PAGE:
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February 21, 2007

BehindTheMedspeak: 'Survival of the Sickest: A Medical Maverick Discovers Why We Need Disease'

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This new book explores the fact that bad genes persist even though evolution is supposed to weed them out.

Long story short: There's enough good in the bad that in the big picture, the good/bad outweighs the bad/bad.

Much more here at the author's (Dr. Sharon Moalem) website.

Read excerpts from three of the book's chapters here.

    From Chapter III

    IF you're of Asian descent and have ever had an alcoholic beverage, there's a fifty-fifty chance your heart rate shot up, your temperature climbed, and your face turned bright red. If you're not Asian but you've ever been in a bar frequented by people with an Asian background, chances are you've seen this reaction. It's called Asian flush or, more formally, alcohol flush response. It happens to as many as half of all people of Asian descent, but it's uncommon in just about every other population group. So what's the story?

    When you consume alcohol, your body detoxifies it and then extracts calories from it. It's a complex process that involves many different enzymes and multiple organs, although most of the process takes place in the liver. First, an enzyme called alcohol dehydrogenase converts the alcohol into another chemical called acetaldehyde; another enzyme—cleverly called acetaldehyde dehydrogenase—converts the acetaldehyde into acetate. And a third enzyme converts that into fat, carbon dioxide, and water. (The calories synthesized from alcohol are generally stored as fat—beer bellies really do come from beer.)

    Many Asians have a genetic variation (labeled ALDH2*2) that causes them to produce a less powerful form of acetaldehyde dehydrogenase—one that isn't as effective in converting acetaledehyde, that first by-product of alcohol, into acetate. Acetaldehyde is thirty times as toxic as alcohol; even very small amounts can produce nasty reactions. And one of those reactions is the flushing response. That's not all it does, of course. After even one drink by people who have the ALDH2*2 variation, the acetaldehyde buildup causes them to appear drunk; blood rushes to their face, chest, and neck; dizziness and extreme nausea set in—and the drinker is on the road to a nasty hangover. Of course, there's a side benefit to all this — people who have ALDH2*2 are highly resistant to alcoholism. It's just too unpleasant for them to drink!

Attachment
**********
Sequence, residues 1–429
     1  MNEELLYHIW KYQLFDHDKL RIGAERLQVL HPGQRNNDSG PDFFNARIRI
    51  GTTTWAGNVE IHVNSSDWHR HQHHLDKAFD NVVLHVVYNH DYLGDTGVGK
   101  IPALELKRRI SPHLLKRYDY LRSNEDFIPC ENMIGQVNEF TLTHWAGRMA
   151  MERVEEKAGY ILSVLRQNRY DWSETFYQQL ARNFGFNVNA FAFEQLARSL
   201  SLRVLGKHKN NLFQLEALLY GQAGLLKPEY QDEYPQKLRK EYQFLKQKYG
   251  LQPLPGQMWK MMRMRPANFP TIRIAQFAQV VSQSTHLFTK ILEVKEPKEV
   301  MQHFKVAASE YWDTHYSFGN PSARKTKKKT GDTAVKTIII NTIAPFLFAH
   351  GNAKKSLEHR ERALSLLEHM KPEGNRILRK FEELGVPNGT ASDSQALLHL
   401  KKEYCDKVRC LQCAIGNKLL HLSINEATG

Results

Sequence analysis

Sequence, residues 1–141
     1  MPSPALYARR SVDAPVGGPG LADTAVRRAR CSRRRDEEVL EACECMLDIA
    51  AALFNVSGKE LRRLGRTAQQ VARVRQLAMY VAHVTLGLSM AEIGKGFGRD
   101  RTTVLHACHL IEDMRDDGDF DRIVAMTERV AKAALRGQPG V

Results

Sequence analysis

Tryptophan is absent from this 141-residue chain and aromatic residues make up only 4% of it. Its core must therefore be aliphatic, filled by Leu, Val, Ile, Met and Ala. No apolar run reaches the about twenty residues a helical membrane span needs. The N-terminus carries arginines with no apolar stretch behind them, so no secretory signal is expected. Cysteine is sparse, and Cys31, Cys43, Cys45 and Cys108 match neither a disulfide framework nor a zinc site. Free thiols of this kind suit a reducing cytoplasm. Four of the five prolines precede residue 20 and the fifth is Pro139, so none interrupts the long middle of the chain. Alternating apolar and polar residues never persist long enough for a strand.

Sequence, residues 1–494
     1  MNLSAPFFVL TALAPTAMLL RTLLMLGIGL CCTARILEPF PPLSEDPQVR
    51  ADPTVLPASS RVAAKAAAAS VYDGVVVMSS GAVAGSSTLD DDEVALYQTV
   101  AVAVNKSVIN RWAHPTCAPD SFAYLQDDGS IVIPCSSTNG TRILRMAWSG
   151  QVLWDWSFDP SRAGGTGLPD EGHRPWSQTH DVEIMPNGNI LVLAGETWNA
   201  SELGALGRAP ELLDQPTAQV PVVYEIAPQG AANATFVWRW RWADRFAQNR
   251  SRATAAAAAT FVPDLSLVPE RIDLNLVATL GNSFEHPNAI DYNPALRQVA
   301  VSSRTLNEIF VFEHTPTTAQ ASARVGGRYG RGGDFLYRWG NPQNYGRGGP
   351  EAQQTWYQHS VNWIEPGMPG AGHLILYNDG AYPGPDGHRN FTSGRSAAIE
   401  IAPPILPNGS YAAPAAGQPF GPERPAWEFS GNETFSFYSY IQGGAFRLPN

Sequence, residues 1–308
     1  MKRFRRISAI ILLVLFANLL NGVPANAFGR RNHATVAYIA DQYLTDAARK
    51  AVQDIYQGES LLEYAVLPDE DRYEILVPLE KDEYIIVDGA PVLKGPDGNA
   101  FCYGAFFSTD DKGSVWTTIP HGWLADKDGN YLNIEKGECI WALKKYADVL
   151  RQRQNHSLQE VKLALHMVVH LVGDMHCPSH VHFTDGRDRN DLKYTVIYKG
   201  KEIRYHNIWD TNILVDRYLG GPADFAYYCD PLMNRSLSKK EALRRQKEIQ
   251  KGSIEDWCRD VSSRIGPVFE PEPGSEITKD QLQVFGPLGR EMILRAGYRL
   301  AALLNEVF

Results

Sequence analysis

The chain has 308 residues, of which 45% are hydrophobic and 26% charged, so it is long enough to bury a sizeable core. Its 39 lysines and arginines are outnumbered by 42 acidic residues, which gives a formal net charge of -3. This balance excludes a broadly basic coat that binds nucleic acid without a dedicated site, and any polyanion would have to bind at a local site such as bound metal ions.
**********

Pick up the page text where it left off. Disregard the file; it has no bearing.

In fact, the resistance to alcoholism is so strong in people with ALDH2*2 that doctors often prescribe alcoholics with a drug called disulfiram, which essentially mirrors the ALDH2*2 effect. Disulfiram (Antabuse) interferes with the body's own supply of the acetaldehyde dehydrogenase enzyme, so anyone who drinks alcohol while taking it ends up with something that looks an awful lot like Asian flush and feels truly awful to boot.

    So why is the ALDH2*2 variation so common among Asians and virtually nonexistent among Europeans? It's all about clean water. As humans began to settle in cities and towns, they got their first taste of the sanitation and waste management problems that still plague cities today—but without even the possibility of modern plumbing. This made clean water a real challenge, and some theories suggest that different civilizations came up with different solutions. In Europe, they used fermentation — and the resulting alcohol killed microbes, even when, as was often the case, it was mixed with water. On the other side of the world, people purified their water by boiling it and making tea. As a result, there was evolutionary pressure in Europe to have the ability to drink, break down, and detoxify alcohol, while the pressure in Asia was a lot less.

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The book costs $17.13 at Amazon.

February 21, 2007 at 04:01 PM | Permalink | Comments (0) | TrackBack

Dogirondack Chair

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From the website:

    Dogirondack Pet Bed — Throne For the King or Queen Of Your Castle

    The Dogirondack is a comfortable napping spot for your best friend.

    Made of wood with a painted red finish, it comes with a comfy black cushion and removable water and treat bowls nested in the armrests.

    Small chair is for pint-sized dogs up to 25 lbs.; large chair is for medium and large dogs over 25 lbs.

    Small measures 20"H x 30"W x 25"D.

    Large is 23"H x 44"W x 33"D.

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Put up a big-screen TV playing a DVD of cats racing around and you're all set.

Small costs $159, Large $199, both here.

Arf.